I've divided my response in 2 sections to hopefully make it a bit easier to digest.
Section 1: Don't ask users what they need
I think in your case you might have already figured out what the issue is here. Hint: Never ask your users what they need. Why? Because majority of the time you'll get the response you've already received - that they want everything - no matter if it solves their main goal/task or if it's just nice to have. It's in our nature, if we can have more then why not? But more is not always better. It can lead to dangers of building an unusable, overcomplicated and cluttered interface with watered-focus on solving a specific objective.
As mentioned by Jacob Nielsen,
It's dangerous to make big design changes because "users didn't like this" or "users asked for that."
A better approach to follow that will solve lots of time and frustration for you is to not ask your users directly of what they need. Instead, ask the right questions and observe them. Interview them and focus your questions on how they behave currently:
- How do they manage logistical operations currently? (What are the main tasks and processes? How do they do certain tasks currently?)
- How does a typical day look like in their role?
- What's the most frustrating aspect of their day when it comes to managing logistical operations?
- What do they do currently to overcome those frustrations? Why do they take that approach?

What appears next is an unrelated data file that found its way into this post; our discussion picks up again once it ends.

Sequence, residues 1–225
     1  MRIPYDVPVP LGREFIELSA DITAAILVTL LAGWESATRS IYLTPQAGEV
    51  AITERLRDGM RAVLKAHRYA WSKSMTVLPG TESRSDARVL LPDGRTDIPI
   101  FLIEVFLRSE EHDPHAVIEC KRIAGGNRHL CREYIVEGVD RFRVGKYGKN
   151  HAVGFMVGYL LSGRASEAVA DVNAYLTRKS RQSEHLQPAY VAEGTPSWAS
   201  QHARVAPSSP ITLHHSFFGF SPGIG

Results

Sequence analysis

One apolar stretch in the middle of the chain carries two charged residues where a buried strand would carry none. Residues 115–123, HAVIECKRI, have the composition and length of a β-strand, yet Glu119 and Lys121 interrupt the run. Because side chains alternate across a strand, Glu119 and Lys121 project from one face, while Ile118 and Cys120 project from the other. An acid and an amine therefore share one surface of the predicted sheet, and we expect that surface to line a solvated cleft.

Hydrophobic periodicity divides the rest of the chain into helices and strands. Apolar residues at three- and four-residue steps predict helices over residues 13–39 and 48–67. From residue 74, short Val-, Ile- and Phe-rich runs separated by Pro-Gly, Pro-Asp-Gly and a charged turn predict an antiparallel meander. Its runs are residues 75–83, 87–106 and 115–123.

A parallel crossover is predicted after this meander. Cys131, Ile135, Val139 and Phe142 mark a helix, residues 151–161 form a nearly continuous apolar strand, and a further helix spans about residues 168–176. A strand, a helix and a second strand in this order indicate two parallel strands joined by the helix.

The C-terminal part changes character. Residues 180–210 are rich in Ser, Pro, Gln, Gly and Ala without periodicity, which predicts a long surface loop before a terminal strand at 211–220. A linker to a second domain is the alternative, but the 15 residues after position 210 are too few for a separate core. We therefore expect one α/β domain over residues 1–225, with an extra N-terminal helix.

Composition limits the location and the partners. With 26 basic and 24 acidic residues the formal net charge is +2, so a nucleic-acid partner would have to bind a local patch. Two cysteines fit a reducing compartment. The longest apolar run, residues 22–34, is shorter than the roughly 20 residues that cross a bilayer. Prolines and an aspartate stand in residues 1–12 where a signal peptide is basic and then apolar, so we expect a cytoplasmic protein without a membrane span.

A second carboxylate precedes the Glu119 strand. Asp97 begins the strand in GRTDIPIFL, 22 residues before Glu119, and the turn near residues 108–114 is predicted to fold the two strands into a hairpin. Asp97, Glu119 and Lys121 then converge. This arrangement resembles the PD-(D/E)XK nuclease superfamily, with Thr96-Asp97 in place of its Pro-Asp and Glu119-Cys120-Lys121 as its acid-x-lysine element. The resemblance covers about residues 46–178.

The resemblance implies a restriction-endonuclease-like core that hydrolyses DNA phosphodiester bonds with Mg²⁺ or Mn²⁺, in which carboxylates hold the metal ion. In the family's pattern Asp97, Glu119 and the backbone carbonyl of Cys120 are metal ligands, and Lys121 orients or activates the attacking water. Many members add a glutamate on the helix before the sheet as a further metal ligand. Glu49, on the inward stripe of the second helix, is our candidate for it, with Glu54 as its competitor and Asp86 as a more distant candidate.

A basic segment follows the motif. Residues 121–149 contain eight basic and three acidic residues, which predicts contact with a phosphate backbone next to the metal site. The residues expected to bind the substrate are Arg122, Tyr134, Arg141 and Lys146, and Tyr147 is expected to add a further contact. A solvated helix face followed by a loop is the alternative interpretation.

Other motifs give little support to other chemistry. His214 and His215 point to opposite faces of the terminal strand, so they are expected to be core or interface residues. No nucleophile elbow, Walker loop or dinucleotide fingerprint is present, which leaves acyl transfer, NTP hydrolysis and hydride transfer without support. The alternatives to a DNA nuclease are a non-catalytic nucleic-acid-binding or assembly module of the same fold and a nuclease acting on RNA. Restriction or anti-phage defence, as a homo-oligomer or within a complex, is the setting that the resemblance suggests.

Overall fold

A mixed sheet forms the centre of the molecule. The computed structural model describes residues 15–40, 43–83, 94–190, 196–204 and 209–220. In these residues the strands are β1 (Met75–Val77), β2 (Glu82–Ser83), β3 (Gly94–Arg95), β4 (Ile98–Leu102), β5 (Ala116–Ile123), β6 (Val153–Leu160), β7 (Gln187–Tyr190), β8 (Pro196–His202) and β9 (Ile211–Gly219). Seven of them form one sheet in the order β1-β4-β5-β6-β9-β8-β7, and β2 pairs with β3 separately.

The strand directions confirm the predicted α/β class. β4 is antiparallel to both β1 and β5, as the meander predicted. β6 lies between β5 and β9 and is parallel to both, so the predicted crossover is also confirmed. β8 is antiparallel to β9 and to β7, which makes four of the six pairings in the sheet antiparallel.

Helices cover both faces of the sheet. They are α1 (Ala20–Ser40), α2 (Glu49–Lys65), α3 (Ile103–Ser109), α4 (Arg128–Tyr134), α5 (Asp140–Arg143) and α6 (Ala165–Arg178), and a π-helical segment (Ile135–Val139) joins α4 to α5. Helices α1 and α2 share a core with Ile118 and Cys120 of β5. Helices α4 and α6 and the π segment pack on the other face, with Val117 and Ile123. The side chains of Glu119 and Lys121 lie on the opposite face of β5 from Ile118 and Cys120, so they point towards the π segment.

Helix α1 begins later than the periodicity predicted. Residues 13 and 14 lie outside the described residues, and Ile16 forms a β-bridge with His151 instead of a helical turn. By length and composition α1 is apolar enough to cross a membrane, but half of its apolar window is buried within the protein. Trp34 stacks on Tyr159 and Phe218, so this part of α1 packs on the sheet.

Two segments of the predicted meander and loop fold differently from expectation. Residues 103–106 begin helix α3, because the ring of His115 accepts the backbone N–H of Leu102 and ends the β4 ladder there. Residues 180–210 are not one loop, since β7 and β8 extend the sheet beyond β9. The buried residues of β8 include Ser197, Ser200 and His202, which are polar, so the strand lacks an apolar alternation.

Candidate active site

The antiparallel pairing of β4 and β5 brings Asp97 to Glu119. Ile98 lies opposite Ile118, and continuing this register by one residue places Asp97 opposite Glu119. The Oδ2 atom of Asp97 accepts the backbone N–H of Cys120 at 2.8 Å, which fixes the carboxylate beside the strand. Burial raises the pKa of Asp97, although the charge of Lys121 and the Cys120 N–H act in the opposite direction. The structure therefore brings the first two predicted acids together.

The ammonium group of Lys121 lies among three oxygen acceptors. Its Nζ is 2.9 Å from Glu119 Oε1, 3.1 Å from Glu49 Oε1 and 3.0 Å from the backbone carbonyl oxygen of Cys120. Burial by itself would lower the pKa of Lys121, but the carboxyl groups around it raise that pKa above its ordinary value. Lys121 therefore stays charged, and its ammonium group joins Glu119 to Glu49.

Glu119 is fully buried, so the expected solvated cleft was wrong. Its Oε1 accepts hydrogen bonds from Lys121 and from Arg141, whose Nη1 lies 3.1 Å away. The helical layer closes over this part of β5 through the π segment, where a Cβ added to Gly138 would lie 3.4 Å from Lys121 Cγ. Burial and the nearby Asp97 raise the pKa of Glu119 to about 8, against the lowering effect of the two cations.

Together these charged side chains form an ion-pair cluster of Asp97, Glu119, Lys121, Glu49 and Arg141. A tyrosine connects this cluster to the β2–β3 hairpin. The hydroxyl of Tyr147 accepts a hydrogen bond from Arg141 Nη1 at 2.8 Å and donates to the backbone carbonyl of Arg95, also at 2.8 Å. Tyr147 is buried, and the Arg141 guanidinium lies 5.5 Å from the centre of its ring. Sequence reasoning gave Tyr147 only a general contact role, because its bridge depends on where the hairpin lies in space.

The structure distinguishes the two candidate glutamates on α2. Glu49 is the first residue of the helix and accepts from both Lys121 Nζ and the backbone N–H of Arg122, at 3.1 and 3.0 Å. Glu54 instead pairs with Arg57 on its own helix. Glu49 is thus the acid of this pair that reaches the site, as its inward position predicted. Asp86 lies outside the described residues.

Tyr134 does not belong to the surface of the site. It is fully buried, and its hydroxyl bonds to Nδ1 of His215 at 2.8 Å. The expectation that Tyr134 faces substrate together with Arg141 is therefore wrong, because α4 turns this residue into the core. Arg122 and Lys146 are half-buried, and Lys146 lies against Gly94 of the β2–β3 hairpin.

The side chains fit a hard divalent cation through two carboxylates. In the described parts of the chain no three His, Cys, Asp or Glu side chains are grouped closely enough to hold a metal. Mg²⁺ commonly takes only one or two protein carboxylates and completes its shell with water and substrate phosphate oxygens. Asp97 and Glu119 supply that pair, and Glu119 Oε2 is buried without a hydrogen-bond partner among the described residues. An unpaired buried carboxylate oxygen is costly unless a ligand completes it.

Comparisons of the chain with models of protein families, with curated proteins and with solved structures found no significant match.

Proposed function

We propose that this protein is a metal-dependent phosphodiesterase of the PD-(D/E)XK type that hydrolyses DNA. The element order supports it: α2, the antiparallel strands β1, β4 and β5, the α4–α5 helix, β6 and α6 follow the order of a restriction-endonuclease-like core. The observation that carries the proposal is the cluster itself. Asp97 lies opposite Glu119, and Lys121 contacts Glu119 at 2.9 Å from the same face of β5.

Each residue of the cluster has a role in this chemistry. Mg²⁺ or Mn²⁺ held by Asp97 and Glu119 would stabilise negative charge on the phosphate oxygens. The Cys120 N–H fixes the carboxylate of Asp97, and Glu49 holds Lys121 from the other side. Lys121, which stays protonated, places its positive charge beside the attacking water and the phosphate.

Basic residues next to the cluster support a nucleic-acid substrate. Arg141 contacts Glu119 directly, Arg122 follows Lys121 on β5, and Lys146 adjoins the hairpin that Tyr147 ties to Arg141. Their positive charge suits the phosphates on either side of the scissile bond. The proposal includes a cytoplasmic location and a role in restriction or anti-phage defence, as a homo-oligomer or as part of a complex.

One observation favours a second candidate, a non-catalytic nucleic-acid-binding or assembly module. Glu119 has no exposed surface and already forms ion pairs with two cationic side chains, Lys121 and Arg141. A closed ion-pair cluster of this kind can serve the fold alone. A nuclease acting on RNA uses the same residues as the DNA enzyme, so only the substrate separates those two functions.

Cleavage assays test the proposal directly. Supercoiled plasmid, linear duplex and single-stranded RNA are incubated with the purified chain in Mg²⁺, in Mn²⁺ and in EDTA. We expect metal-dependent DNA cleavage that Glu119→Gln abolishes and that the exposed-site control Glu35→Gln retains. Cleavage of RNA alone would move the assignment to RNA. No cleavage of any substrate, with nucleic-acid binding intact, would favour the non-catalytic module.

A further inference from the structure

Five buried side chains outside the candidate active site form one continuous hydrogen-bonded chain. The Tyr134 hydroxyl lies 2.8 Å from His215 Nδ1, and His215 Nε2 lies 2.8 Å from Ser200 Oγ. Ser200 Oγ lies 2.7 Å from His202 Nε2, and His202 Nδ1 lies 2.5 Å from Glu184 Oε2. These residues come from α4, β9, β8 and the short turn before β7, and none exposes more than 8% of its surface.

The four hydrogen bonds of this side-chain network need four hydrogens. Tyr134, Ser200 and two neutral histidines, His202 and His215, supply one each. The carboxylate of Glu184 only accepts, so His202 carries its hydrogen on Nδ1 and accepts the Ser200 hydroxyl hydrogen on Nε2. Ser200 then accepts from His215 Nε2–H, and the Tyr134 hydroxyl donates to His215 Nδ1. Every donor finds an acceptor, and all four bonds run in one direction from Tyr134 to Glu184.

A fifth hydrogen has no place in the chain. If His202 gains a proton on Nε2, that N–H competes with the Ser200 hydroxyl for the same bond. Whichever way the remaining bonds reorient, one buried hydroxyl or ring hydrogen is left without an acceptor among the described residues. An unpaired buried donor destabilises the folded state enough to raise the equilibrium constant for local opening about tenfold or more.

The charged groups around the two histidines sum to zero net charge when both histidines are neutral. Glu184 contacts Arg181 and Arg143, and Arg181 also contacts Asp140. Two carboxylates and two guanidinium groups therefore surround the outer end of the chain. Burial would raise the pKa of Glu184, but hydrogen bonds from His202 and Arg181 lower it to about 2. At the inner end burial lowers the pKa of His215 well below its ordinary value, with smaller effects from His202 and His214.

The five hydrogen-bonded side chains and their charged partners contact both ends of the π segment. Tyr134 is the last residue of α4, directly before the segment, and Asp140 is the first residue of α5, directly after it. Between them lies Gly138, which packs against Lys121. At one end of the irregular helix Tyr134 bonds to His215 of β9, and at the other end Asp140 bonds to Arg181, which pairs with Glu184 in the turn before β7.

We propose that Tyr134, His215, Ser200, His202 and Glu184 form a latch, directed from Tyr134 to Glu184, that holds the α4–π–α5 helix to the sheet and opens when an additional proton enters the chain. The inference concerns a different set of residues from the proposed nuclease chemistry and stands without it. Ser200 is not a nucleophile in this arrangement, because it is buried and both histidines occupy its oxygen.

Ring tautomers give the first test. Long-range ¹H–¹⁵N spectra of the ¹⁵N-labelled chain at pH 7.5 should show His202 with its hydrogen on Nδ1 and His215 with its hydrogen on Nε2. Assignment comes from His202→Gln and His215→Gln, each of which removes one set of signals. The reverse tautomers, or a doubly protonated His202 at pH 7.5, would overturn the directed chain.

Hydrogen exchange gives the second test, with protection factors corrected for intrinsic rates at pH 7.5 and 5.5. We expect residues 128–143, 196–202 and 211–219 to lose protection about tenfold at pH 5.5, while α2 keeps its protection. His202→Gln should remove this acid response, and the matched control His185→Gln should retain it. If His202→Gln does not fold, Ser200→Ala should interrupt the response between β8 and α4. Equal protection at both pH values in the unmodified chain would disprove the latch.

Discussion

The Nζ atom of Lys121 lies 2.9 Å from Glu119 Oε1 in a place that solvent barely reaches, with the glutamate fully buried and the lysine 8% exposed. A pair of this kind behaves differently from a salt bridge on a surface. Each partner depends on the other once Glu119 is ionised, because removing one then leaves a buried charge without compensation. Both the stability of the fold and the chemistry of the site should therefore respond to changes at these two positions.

- Why do they need a product and dashboard like yours? How could it potentially solve problem/frustration X for them?
- If you could only offer them one thing that could make things better for them, what would that be?
All those questions are for you to understand their current behaviours, responsibilities and frustrations in their role. The last question helps narrow down what might be the most important aspect to them. None of the above questions asks the user to say specifically what they want or need in your product though, feature by feature. That's up to you to decide after analysing your findings.
Before moving on to Section 2, here are a few more references that you might find useful:
Section 2: What is a dashboard and guidelines to consider
A dashboard, as described by Stephen Few, is
[...] a visual display of the most important information needed to achieve one or more objectives; consolidated and arranged on a single screen so the information can be monitored at a glance.
Based on the above quote, a dashboard should not be considered as a comprehensive tool for analysis or decision making. It should be used as a stepping stone where from there you can drill down to other sections in your product for further details and analysis.
- Treat your dashboard as a summary/overview of the most important information your users require to achieve their main goal - not just any other task.
- Allow your users to view any further details they require by drilling down to another section in your product rather than on the dashboard. Keep the primary/most important information on your dashboard and for anything else secondary to link them to a separate detailed page.
The example I've created below shows a hypothetical scenario of the key information a bookstore might be interested to know at a glance on their dashboard. Any further information that's secondary e.g. editing functionality, book description, etc will be visible in a separate more detailed page on their system.
download bmml source – Wireframes created with Balsamiq Mockups
- Alternatively, when you condense your information down to the most crucial aspects, you might think that a different data visualisation format might be better suited than a table, or not.
Section 3: Managing large tables
Even if that much information in necessary, here are some tips in how you could potentially arrange such a big table: https://www.youtube.com/watch?v=23AQBZzDUIo
I hope this helps.